The fuel tank systems in the discontinued Chevrolet Vega cars are just as dangerous as the controversial systems used in the Ford Pinto, consumer advocate Ralph Nader charged yesterday.

Nader also charged that the proposed fix for the fuel tanks in the 1.5 million Pintos being recalled by Ford was "inadequate." Ford ordered the recall just days before government hearings were scheduled to begin into the charges that the Pinto was prone to catch fire in rear end collisions.

In a press conference yesterday with auto safety consultant Byron Bloch, Nader further contended that Ford had tested a safe fuel system for the Pinto as early as 1970 but deferred putting it into the 1973 model Pinto because federal regulations did not mandate the safeguards until later.

"The Pinto is not alone in its fuel tank vulnerability," said Nader when he made his charges about the Vega. The reason the controversy over unsafe gas tanks has so far centered on the Pinto, he said, was because Ford decided to fight lawsuits from crash victims, while General Motors chose instead to settle Vega lawsuits out of court.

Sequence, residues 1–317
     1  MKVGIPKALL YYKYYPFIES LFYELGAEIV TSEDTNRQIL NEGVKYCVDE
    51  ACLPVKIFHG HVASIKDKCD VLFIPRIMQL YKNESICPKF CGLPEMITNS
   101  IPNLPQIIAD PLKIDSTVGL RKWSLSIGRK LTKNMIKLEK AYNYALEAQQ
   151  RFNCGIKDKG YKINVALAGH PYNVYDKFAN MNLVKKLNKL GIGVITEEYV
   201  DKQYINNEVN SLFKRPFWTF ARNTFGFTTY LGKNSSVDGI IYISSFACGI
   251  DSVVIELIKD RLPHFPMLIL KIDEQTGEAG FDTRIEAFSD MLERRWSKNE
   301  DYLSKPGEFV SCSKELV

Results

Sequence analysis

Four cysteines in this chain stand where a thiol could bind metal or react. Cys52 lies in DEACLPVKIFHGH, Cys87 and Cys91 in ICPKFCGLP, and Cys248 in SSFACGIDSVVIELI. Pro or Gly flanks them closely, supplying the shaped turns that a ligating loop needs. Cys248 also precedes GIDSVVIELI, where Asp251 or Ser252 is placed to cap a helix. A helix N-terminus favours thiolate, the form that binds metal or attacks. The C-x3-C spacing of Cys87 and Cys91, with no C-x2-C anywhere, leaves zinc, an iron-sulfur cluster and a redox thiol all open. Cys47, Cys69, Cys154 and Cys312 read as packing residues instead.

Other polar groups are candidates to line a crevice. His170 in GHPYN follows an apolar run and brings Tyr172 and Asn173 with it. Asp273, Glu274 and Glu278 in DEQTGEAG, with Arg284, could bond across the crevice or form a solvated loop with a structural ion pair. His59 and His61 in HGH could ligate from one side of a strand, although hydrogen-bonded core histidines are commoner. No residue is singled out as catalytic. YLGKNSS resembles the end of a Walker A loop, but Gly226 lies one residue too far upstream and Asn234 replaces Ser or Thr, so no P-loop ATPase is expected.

Nader said the National Highway Traffic Safety Administration has begun to investigate the Vega. NHTSA administrator Joan Claybrook confirmed that GM had, in the past two days, dropped off a box of materials in response to NHTSA requests about the Vega fuel system.

GM spokesman Bill Noack said, "GM is cooperating fully with the NHTSA in its investigation of the Vega fuel system. We disagree with charges that the Vega fuel system is deficient. GM is confident that the integrity of the system will be vindicated."

Of the 1.9 million Vegas produced between 1971 and 1977, "we know of 14 that have been involved in rear impact crash fires involving injuries," Noack added. "In the 14 crashes, 13 persons died; five in one crash alone."

Noack said there had been seven lawsuits on the matter "and two are pending."

Bloch said the Vega is "fraught with the same problems as the Ford Pinto." He said that the gas tank of both cars is located at the rear of the car, and that the Vega particularly had a number of protruding objects near the tank that could cause a puncture if the car is in a rear-end accident - including one "Beer can opener" clamp that is used only to hold the car down on the transporter carrying it to the dealer.

But NHTSA crash data, obtained by The Washington Post, shows that Vegas did considerably better than Pintos in comparative crash tests, showing only slight leaks and no fires.